The human right to a safe, clean, healthy and sustainable environment - HRC resolution

States have an obligation to take special care to respect, protect and fulfil the rights of those who are at most risk from environmental harm.

The 2021 HRC Resolution (A/HRC/48/L.23) recognised that the consequences of environmental damage are “felt most acutely by those segments of the population that are already in vulnerable situations, including Indigenous peoples, older persons, persons with disabilities, and women and girls” and “additional measures should be taken for those who are particularly vulnerable to environmental harm.”

The 2021 HRC Resolution recognises the well-established linkages between human rights and the environment.

  1. A healthy environment is fundamental to the enjoyment of human rights.

Sustainable development and the protection of the environment contribute to and promote human well-being and the enjoyment of human rights, including the rights to life, the enjoyment of the highest attainable standard of physical and mental health, to adequate food, to housing, to safe drinking water and sanitation and to participation in cultural life, for present and future generations.

  1. Environmental harm interferes with the enjoyment of human rights.

The impact of climate change, the unsustainable management and use of natural resources, the pollution of air, land and water, the unsound management of chemicals and waste, the resulting loss of biodiversity and the decline in services provided by ecosystems interfere with the enjoyment of a safe, clean, healthy and sustainable environment; and environmental damage has negative implications, both direct and indirect, for the effective enjoyment of all human rights.

  1. A healthy environment depends on the exercise of human rights

The exercise of human rights, including the rights to seek, receive and impart information, to participate effectively in the conduct of government and public affairs and in environmental decision-making and to an effective remedy, is vital to the protection of a safe, clean, healthy and sustainable environment.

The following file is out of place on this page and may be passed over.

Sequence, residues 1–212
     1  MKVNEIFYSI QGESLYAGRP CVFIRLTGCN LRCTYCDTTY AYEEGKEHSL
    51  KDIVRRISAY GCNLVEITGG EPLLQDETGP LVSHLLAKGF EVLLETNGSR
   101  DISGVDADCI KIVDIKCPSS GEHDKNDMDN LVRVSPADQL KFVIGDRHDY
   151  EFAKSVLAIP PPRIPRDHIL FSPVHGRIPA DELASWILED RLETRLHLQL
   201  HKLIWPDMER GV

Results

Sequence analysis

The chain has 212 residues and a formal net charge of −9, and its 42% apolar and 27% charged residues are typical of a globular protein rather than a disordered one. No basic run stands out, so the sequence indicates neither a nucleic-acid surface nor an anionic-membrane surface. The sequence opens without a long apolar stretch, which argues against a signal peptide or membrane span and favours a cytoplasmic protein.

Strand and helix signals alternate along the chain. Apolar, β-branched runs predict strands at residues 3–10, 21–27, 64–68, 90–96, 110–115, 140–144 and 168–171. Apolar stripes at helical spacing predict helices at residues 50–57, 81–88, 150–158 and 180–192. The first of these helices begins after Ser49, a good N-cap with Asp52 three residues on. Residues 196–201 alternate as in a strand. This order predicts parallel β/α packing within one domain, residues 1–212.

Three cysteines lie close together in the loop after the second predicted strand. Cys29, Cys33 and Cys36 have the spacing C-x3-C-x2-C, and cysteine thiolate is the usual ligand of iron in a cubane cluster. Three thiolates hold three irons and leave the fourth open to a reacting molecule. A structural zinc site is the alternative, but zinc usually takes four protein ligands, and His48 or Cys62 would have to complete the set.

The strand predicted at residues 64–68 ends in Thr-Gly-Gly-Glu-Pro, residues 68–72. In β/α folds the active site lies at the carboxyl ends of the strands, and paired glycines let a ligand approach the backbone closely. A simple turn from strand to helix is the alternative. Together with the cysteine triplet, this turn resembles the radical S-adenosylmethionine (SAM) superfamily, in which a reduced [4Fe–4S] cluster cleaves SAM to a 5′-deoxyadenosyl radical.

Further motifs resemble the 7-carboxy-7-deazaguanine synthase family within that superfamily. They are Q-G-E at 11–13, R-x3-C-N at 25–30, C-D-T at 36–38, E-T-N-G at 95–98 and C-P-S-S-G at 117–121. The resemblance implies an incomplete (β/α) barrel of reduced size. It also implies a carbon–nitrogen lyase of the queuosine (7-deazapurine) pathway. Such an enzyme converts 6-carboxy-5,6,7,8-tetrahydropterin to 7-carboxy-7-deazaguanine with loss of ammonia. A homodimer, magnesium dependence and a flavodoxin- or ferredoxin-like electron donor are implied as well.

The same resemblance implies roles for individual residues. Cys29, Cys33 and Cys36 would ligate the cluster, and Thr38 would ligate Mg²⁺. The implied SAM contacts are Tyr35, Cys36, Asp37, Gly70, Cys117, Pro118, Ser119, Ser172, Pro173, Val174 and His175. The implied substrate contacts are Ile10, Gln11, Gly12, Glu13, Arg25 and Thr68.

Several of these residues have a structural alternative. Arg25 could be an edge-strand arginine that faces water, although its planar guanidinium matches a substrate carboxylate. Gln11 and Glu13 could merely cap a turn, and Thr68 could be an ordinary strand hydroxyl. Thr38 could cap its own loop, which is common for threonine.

States human rights obligations relating to the environment include: 

  1. Substantive obligations of States to adopt legal and institutional frameworks that protect against environmental harm that interferes with the enjoyment of human rights, including harm caused by private actors and transboundary environmental harm.
  2. Procedural obligations of States to assess environmental impacts on human rights and to make environmental information public, to facilitate participation in decision-making, and to provide access to remedies for harm.
  3. Non-discrimination and other obligations of States relating to the protection of members of groups in vulnerable situations, including women, children and Indigenous peoples

A safe, clean, healthy and sustainable environment is the foundation of human life. But today, because of human action – and inhuman inaction – the triple planetary crises of climate change, pollution, and nature loss is directly and severely impacting a broad range of rights including the rights to adequate food, water, education, housing, health, development and even life itself. The interlinked crisis of pollution, climate change and biodiversity act as threat multipliers – amplifying conflicts, tensions and structural inequalities, and forcing people into increasingly vulnerable situations. As these environmental threats intensify, they will constitute the single greatest challenge to human rights in our era. All this is now painfully clear. The greatest uncertainty about these challenges is what policy makers are doing about them. Bold action is now required to ensure this resolution on the right to a healthy environment serves as a springboard to push for transformative economic, social and environmental policies that will protect people and nature…”
Michelle Bachelet, UN High Commissioner for Human Rights

The right to a healthy environment has substantive and procedural elements. 

Substantive elements

The substantive elements of the right to a healthy environment refers to environmental conditions of a certain standard or quality necessary for the full enjoyment of human rights. They include:

  • Clean air,
  • A safe climate,
  • Access to safe water and adequate sanitation,
  • Healthy and sustainably produced food,
  • Non-toxic environments in which to live, work, study and play, and
  • Healthy biodiversity and ecosystems.

Procedural elements

The procedural elements – as described – relate to the processes that have a fundamental role in giving effect to the substantive elements. The procedural elements of the right to a healthy environment include:

  • Access to environmental information
  • Participation in environmental decision-making
  • Access to effective remedies

Check out the UNEP for more information on substantive and procedural elements of the right to a healthy environment.

How did we do?

NHRIs and environmental rights course

The Framework Principles on Human Rights and the Environment